RICHMOND, Va. – Rest in peace, Shakawatch.
Don’t get me wrong, it’s been fun watching this incendiary plume of Internet chatter gestate in just four short days into a series of cheeky Photoshops, faux insiders and a Shakawatch hashtag. Where’s Shaka? Here’s a photo of him riding the rollercoaster at Mall of America. Here he is in the VCU dining hall. Nope, here he is posing with two fans in another team’s colors. Never change, Internet. Never change.
But as quickly as irrationality drove message board hits through the roof and sucked up enough bandwidth to power NORAD, last night, they pulled the plug. Smart quietly agreed in principle to a contract extension that provides enhancements for the basketball program and allows VCU Basketball to reach his vision.
“Coach Smart has demonstrated through this process that he is loyal to VCU and his greatest concern lies with our program moving forward every year,” said VCU Director of Athletics Ed McLaughlin in a statement. “Our goal was to present him with a revised agreement proactively rather than wait for another institution to step in with an offer.
Although that cut the legs out from under the Carmen San Diego-like @ShakaWatch Twitter account before it picked up much steam – it had just 47 followers as of this morning – it does allow Smart and VCU to move towards a milestone of significance. It’s probably one Smart or most fans aren’t even aware of.
Smart will be the first VCU Men’s Basketball coach to preside over the program for five or more seasons since Sonny Smith. The last three coaches, Mack McCarthy, Jeff Capel and Anthony Grant spent four, four and three years, respectively with the Rams. Since the Medical College of Virginia merged with Richmond Professional Institute in 1968 to form VCU, just three coaches, Chuck Noe (6), J.D. Barnett (5) and Sonny Smith (9) have lasted at least five years.
Five years was always the old standard. The idea was that a coach needed five years, a chance to cycle through a couple of recruiting classes, to get a program humming at full capacity. In his first three seasons at Duke, Mike Krzyzewski was 38-47. In his first two years at Florida, Billy Donovan was 27-32. It took John Wooden 16 years to win a national championship at UCLA.
Although Smart inherited a successful program in 2009, it also takes time to institute a system, to recruit players that fit, to build a culture. The type of defense the Rams played Smart’s first two seasons in Richmond is drastically different than what we’ve seen on the floor the last two – and the Rams went to the Final Four in Smart’s second season. But Smart needed to get players to fully invest in “Havoc”, and he needed to recruit a stable of fearless, sprinting guards and gazelle-like, athletic bigs to make it happen.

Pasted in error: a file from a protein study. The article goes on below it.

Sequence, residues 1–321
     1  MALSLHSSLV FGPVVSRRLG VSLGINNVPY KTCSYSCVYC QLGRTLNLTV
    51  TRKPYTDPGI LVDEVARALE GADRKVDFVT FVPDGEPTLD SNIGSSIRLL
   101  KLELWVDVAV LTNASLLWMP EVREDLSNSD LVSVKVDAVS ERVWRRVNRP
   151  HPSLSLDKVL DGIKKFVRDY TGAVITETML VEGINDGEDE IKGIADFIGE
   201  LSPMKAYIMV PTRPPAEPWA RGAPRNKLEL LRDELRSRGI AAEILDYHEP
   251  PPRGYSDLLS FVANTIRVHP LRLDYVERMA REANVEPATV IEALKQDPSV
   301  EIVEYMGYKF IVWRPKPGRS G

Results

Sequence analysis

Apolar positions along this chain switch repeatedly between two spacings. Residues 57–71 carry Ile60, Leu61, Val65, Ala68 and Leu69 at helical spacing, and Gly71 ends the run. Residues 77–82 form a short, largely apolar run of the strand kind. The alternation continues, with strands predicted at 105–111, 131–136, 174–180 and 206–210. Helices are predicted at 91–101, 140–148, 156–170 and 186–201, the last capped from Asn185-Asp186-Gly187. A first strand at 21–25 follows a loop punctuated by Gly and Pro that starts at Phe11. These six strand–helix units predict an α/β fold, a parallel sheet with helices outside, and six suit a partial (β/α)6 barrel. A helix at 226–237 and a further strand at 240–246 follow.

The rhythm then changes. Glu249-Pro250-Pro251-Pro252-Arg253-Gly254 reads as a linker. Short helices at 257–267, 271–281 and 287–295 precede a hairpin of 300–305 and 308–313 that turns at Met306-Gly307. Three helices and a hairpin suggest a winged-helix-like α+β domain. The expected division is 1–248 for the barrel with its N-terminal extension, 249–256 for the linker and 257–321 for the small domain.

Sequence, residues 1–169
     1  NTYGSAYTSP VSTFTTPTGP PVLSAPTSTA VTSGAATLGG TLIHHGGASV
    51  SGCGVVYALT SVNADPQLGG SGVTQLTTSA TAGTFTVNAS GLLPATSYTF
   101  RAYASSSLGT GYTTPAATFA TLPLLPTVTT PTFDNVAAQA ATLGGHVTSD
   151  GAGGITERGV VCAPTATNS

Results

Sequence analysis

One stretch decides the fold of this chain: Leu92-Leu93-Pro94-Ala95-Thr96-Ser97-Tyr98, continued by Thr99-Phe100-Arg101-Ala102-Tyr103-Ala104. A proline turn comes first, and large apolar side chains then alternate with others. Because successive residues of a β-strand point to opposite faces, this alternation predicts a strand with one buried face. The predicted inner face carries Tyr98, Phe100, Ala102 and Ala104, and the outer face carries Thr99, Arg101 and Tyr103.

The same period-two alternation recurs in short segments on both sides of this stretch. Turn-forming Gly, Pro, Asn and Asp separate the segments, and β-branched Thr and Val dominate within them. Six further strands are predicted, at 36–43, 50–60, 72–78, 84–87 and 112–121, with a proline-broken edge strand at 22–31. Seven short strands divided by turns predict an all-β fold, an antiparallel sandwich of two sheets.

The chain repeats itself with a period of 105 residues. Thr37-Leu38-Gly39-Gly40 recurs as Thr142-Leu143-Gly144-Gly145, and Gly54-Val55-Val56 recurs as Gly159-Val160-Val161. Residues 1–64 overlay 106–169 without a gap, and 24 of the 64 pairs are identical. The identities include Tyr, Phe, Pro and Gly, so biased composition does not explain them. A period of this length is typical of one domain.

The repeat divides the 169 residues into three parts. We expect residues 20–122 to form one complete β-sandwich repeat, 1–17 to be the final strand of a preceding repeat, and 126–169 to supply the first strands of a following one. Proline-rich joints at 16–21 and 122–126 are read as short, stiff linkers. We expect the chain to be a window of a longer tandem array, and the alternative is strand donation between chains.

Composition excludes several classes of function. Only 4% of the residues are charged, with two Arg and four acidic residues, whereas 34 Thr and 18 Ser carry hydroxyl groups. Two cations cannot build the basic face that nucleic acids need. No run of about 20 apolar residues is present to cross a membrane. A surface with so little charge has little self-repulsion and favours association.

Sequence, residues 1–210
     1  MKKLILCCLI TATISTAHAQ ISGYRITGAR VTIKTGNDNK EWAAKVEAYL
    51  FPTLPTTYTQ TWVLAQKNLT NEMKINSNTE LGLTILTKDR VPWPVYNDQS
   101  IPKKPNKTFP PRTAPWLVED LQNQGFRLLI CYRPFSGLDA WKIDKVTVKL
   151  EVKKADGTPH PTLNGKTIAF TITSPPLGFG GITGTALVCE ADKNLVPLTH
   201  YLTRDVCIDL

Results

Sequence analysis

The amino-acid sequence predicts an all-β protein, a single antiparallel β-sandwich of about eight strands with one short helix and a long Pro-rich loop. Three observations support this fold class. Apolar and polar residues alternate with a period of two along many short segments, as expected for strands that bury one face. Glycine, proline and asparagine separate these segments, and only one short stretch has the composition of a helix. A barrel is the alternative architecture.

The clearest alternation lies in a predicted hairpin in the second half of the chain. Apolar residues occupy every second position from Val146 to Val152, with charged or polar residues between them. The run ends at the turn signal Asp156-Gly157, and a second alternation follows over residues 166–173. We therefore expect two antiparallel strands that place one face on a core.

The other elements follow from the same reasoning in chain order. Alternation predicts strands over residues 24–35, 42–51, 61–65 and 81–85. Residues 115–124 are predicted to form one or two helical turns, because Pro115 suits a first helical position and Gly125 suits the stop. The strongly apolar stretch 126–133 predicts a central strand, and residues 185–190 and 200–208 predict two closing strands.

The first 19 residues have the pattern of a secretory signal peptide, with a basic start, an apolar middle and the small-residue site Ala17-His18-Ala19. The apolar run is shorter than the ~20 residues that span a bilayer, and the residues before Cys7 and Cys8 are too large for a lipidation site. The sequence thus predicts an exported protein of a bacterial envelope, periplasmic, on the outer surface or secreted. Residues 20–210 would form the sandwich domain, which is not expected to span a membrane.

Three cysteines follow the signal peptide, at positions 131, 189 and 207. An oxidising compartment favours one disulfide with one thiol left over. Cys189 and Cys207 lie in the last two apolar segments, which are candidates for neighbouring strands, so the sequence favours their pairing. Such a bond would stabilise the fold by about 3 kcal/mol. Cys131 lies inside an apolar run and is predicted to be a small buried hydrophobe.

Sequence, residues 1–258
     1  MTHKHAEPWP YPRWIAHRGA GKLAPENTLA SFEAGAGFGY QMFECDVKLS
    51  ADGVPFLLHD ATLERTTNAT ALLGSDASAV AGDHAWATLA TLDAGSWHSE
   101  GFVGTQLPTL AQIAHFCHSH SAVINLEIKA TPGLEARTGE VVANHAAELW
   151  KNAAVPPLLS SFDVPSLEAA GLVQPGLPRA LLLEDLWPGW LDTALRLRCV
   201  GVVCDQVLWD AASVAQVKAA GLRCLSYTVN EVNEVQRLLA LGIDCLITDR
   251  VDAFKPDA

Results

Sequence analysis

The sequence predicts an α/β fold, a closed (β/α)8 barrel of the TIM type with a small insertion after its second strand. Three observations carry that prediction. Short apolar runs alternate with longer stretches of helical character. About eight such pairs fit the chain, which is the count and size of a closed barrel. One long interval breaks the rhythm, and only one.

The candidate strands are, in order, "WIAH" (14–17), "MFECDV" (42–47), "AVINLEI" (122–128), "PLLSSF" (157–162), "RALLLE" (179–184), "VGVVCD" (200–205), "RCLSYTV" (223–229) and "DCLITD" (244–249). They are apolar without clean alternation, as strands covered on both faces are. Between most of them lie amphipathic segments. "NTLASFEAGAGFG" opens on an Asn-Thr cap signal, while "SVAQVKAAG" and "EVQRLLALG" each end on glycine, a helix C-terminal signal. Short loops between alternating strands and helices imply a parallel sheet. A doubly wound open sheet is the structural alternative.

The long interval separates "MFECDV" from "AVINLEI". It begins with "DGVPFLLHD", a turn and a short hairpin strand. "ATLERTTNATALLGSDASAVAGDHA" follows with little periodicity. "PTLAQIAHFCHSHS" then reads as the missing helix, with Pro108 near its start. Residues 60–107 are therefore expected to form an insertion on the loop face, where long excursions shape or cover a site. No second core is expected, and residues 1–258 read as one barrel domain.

In his first four seasons, Smart is 111-37 with three straight NCAA appearances and a Final Four. He is 7-3 in the NCAA Tournament. Next year, he’ll return three starters, including his top two scorers, as well as Atlantic 10 Defensive Player of the Year Briante Weber. There will be preseason top 25 buzz. The charismatic coach is already an icon in Richmond and an increasingly transcendent figure elsewhere.
But Smart is just getting started.
For much of its history, VCU has enjoyed periods of great success, ones which coaches parlayed into a job at a school with a bigger name or a longer history or a bigger budget. It made VCU fans defensive. They wanted someone who could see what they saw: a vibrant urban university with a vibrant fan base to match, an underdog with guts, a place where you could win. Jittery VCU fans felt like the guy that took his date to a nice dinner at Olive Garden, and then watched her run off with the captain of the football team. All these years, perhaps the only thing they’ve craved more than victory was reciprocity.
It would be awfully arrogant for me or anyone else to judge the career and family goals of those coaches who moved onto other places. I can’t tell a man what path his career should take, and I can’t argue with the terrific opportunities they’ve been afforded elsewhere. But that’s their path. VCU fans hoped to find a coach willing to invest in VCU’s path.
Over the years, VCU has worked hard to meet the market, to build an infrastructure worthy of a top 25 program. The Siegel Center, built in 1999, was one of the first steps. Charter flights, staff salaries, weight and academic facilities and other programs have been enhanced. A practice facility is on the way. The school tried to ensure that when the right coach came along, it would be ready.
Wednesday’s news confirms what Smart’s been saying for years now anyway, that he’s happy here. He wants to win here. Havoc lives here. Smart is that guy.
Now we’ll have to go back to our normal offseason hobbies, pouring over recruiting news and hypothesizing rotations. Shakawatch has reached its conclusion. Shaka Smart is not at the Metrodome or the Hollywood Bowl, he’s on the road today, recruiting…for VCU.